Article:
The Fair Credit Reporting Act (FCRA) defines who can and cannot see your credit report and credit score. Businesses must have a "legitimate business need," and a "permissible purpose," as stated in the federal law to obtain any information contained in your credit file, including your FICO score. Otherwise, only those who you give written permission to are allowed access to the information in your credit files. By law, any individual is allowed one free copy of their own credit report from each of the three major credit reporting services every year.
Some examples of those who can access your credit files include:
Credit reports – and the credit scores that they are used to help generate – are used in a variety of ways by those that have access to them. Broadly speaking, however, credit scores are one of the factors used by lenders to determine an individual’s credit worthiness – or, put another way, the risk that a lender can expect to incur by making a loan. The higher a credit score is, the more likely an individual is to be approved for a mortgage, auto loan, or credit card. Additionally, credit scores are also used in determining the rate of interest the lender will be willing to extend credit at. In general, the lower a credit score, the higher the interest rate can be expected to be if, indeed, the loan is approved.
- Credit Grantors
- Collection Agencies
- Insurance Companies
Can a poor credit score be improved?
The good news is that a poor credit score can be improved. The bad news is – they don’t make it easy. Even flawed or incorrect data can be difficult to get removed from a credit report, and can therefore continue to negatively impact a credit score until it is expunged. Some things that you can do immediately to positively impact your credit score include:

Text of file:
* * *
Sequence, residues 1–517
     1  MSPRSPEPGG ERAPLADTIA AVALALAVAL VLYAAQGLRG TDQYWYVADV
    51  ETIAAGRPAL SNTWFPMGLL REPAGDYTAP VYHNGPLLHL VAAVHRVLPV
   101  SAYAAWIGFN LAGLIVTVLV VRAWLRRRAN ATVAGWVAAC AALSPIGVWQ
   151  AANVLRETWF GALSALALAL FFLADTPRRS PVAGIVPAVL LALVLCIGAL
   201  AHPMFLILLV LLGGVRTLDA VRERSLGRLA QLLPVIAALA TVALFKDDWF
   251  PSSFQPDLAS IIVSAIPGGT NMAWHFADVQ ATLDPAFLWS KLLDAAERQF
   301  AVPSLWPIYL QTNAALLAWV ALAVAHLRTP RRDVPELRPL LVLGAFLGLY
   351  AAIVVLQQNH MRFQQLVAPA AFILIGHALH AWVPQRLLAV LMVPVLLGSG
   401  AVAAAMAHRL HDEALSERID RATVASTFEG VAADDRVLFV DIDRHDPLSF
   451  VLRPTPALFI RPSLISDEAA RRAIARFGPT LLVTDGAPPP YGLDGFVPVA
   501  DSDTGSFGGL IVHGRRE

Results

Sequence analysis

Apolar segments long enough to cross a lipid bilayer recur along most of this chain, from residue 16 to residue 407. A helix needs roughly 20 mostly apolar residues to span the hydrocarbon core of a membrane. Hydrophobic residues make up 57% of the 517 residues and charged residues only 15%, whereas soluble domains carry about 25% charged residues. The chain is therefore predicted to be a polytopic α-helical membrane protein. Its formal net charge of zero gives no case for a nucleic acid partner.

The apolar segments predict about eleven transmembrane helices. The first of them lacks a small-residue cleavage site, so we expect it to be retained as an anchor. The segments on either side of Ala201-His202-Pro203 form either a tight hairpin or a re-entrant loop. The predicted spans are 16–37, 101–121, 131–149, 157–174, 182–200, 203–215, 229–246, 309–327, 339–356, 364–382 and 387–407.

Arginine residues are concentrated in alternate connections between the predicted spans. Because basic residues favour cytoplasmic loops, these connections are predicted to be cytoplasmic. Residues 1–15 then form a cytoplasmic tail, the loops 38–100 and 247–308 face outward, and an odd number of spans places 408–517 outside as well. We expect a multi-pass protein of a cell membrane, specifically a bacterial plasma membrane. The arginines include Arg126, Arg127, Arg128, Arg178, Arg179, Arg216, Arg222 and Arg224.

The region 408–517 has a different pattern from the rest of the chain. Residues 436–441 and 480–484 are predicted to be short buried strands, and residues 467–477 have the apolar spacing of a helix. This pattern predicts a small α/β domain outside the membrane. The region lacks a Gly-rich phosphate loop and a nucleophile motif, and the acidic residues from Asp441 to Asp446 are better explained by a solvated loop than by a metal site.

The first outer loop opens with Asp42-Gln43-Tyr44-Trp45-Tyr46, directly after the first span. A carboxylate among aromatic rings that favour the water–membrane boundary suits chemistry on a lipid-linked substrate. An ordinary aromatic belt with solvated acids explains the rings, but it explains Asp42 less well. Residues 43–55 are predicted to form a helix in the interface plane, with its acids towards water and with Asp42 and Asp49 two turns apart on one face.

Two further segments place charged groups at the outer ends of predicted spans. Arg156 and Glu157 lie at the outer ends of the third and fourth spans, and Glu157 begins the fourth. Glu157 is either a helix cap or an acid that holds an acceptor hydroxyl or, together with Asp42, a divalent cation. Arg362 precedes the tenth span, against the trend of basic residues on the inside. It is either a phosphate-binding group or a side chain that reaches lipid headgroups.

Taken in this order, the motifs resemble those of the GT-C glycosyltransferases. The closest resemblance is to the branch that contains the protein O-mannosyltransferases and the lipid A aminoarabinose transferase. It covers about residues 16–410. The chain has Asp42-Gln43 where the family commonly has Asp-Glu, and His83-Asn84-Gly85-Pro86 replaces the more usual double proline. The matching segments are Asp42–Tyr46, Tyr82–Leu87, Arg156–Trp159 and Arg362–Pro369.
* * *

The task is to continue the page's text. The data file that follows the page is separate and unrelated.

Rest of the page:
When possible, pay “cash” (money, check or debit card) for purchases to help keep monthly credit balances as low as possible.
One of the major challenges that many people face when attempting to improve a poor credit score are things that have happened one, two, even five years in their past, or longer. Remember that most derogatory information will remain on a credit report for seven, and sometimes even ten, years unless it is addressed. While these derogatory marks on a person’s credit can be extremely difficult to repair, during my fifteen years as a mortgage broker I have worked with hundreds of people and helped them add 50, 100 even 200 points to their credit score – and so I know first hand that it can be done. If you would like to get a better idea of what is involved, and how you can raise your score, come to my website at www.afreshstartcreditrepair.com, and I will give you a free credit repair kit to help you get started.
Credit scores and credit reports might seem confusing, but in reality they are really only information and mathematics. The first step towards taking control of – and improving – any credit score is understanding what it is and how it works. After all, the most important weapon you can have in your financial life is knowledge!
- Make at least the minimum payments to all loans – including mortgage, auto and credit cards – on time every month.
- Pay down the balance(s) on your credit card(s) – one of factors used to determine a credit score is the percentage of available credit actually used.
- Avoid applying for additional credit “just to have it”.
“By and large one of the most important factors used to determine an individual credit score is Payment History.”
—Vincent Craven, CEO
A Fresh Start
About the Author:
Vincent Craven has more than 15 years of professional experience working in the mortgage industry helping thousands of people to be approved for financing to purchase commercial and residential real estate. As part of the process, he has come across many situations that required attention to repair past credit history including derogatory information, judgments, and bankruptcies before his clients could be approved for a mortgage. Vincent has developed expertise in working with creditors, courts, and judges within the prescribed parameters of the FCRA and FTC.